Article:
Oddly enough, Viking's shares raced higher in August without a clear-cut catalyst. The biotech's stock appears to be simply heating up ahead of the company's forthcoming presentation at the American Society for Bone and Mineral Research meeting later this month -- where Viking is expected to update investors on the status of its mid-stage hip fracture drug candidate VK5211.
This double-digit move higher last month does have a solid fundamental underpinning, however. Viking shares could turn out to be deeply undervalued at current levels. After all, the company is developing a nonalcoholic steatohepatitis drug, VK2809, that has the potential to generate billions of dollars in sales. And Viking's VK5211 is no slouch either, with this experimental drug also staring down a billion dollar-plus market opportunity in the lucrative hip fracture setting.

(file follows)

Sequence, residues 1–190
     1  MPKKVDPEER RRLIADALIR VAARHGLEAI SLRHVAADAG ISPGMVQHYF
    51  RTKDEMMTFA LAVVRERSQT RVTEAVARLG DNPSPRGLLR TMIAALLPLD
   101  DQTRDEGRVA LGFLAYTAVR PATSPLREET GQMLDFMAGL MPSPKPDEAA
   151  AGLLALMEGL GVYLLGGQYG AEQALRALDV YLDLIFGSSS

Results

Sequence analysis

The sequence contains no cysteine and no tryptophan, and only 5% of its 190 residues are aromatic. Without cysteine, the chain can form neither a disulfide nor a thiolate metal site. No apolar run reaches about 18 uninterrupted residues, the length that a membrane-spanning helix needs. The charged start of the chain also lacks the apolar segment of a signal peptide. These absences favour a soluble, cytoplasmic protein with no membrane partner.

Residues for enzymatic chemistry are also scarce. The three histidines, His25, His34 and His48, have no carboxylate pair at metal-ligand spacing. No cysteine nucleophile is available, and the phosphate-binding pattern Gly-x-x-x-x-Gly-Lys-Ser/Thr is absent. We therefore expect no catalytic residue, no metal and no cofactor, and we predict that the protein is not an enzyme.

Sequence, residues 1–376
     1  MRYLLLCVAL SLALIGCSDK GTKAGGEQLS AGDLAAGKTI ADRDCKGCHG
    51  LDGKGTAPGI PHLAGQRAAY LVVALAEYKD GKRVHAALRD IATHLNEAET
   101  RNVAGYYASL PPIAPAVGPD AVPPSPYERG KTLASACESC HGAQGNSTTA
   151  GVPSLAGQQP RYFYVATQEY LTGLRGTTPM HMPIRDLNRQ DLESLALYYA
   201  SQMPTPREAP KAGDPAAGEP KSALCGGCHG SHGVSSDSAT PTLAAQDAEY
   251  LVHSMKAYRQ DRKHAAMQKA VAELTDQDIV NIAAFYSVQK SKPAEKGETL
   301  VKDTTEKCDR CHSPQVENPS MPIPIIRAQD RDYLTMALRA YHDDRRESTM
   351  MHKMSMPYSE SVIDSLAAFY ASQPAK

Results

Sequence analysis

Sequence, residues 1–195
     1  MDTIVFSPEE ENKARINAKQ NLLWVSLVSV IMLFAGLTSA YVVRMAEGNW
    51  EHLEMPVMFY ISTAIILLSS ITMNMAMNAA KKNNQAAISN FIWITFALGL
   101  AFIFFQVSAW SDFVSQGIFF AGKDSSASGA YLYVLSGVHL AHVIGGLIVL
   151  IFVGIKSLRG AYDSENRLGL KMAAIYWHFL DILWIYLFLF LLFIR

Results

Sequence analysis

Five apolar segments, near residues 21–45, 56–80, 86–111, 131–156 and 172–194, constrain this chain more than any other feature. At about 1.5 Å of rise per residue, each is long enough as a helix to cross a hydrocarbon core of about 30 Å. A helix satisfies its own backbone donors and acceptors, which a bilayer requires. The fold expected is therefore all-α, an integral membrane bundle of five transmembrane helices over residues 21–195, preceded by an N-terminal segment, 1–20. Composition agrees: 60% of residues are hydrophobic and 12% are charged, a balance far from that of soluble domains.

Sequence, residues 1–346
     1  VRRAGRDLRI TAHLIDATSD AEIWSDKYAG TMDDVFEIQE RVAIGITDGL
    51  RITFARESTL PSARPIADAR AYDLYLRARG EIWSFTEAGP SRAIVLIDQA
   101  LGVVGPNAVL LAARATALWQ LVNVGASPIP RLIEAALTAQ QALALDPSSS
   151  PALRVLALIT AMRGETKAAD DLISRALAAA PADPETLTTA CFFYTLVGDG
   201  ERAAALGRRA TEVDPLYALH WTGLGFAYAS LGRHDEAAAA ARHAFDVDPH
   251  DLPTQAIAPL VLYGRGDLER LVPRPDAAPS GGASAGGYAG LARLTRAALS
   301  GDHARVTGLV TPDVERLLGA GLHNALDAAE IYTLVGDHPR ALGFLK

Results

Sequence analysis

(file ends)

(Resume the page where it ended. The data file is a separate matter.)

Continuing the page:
Whether Viking's stock can maintain its monstrous momentum without a newsworthy event remains to be seen. But the company does have two major near-term catalysts that could trigger another breakout before year's end.
First, Viking is reportedly in negotiations with various partners to advance VK5211 into a late-stage trial. Any licensing deal for this high-value compound should come with a healthy upfront cash payment.
Second, Viking is on track to release VK2809's mid-stage results by November. If positive, the biotech's shares should bolt higher. This key experimental drug, after all, would be one step closer to reaching a market that's forecast to grow to a staggering $35 billion within the coming decade.
The headline here is that Viking's stock might be gearing up for a prolonged period of growth -- that is, if everything falls into place for its top clinical candidates. Therefore, risk-tolerant investors might want to consider adding this promising name to their portfolios soon.